The Boy's starter, Soupe terre-mer en marmite lutee aux herbes fraiches, was much better. Though not exceptional, it came in a soup terrine with a flaky crust on top that you had to break with a spoon. The terre (earth) was made up of turnips and other root vegetables, shaped with a melon-baller. The mer (sea) were non-descript chunks of fish. In hindsight, he wished he'd gotten one of the omelets.

Being meat-eaters, for our main course we both ordered the Duo d'agneau de pre-sale du Mont Saint Michel. This lamb may have been the best I’ve ever had--and lamb's my favorite kind of meat! The first part of the duo was a potato gratin with a piece of lamb reminiscent of a confit. The potatoes were bland and the lamb strongly flavored. It could have balanced each other out quite nicely, but instead the lamb over-powered the potatoes. The second lamb was my favorite: strips of rare meat covered with herbs and very lightly grilled--divine.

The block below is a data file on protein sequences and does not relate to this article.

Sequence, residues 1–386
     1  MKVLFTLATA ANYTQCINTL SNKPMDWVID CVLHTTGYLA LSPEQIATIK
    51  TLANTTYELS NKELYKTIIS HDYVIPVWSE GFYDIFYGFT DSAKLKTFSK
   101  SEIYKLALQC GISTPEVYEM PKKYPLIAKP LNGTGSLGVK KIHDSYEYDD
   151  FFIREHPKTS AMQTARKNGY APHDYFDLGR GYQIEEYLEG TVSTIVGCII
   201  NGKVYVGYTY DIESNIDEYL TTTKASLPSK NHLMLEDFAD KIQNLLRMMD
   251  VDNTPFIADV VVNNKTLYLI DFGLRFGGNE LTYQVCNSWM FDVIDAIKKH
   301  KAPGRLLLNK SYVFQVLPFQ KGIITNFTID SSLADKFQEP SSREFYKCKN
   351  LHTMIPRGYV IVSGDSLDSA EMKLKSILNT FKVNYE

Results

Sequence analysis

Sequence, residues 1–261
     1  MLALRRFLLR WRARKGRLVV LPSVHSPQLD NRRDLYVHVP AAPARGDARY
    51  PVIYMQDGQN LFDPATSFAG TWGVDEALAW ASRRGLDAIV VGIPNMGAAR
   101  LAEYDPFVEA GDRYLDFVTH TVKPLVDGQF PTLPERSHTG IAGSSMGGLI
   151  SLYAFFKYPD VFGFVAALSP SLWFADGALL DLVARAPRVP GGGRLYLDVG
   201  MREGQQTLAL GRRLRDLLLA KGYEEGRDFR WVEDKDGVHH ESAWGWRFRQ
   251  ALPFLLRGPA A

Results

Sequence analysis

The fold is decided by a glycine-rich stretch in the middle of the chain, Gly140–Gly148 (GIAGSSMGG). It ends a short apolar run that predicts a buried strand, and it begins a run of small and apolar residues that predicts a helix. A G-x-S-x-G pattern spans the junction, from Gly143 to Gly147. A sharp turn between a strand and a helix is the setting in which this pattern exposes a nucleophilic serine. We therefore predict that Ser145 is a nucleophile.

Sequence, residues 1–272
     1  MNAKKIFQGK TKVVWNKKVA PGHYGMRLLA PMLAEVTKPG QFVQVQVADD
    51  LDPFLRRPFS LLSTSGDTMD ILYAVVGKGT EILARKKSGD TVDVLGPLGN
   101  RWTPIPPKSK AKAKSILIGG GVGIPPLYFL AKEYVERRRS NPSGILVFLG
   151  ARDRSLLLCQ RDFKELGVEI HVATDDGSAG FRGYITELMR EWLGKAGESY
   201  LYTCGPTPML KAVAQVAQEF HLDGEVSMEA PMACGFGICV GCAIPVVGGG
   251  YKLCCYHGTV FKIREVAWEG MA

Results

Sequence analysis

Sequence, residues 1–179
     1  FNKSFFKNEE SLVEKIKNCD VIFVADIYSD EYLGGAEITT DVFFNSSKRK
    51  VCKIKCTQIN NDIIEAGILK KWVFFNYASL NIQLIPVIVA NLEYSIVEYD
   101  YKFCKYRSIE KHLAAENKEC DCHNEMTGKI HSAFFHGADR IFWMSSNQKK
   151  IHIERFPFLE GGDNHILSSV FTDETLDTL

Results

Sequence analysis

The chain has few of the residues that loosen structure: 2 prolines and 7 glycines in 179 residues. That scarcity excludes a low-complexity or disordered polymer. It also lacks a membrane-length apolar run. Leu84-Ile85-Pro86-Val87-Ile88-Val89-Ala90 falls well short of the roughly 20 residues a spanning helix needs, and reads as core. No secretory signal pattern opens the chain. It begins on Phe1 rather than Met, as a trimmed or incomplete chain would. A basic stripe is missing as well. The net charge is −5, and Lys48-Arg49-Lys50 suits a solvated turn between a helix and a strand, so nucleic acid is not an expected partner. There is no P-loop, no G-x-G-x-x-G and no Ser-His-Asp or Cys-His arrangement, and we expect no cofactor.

For dessert, I opted for the Pom'Pom'Pom d'hier et d'aujourd'hui. This was an assortment of apple desserts: the best green apple sorbet I've ever had, with specks of green apple in the sorbet and an apple chip stuck into the top; a miniature tarte tatin, full of chunks of caramelized apples (my favorite); a Calvados-flavored cream (too rich); and a few raspberries and currants.

The Boy ordered the mammoth Assortiment de gourmandises d'Annette. It comprised apple and chocolate sweets: the same tarte tatin as me; cassis sorbet, also with an apple chip on top; chocolate pudding with two white-chocolate covered espresso beans on top; some kind of sponge cake soaked in calvados (like a baba rhum); two miniature chocolate muffins; and the same raspberries and currants. While I didn’t taste all of his, I was happy with my choice.

We also received a free dish of madeleines (plain and with raspberry filling) and miniature chocolate chip cookies. Nothing spectacular, we had already eaten too much to finish them.

All in all, this was a great dining experience but the food didn’t quite meet our (admittedly high) expectations.

La Mere Poulard
Grande Rue
Mont Saint Michel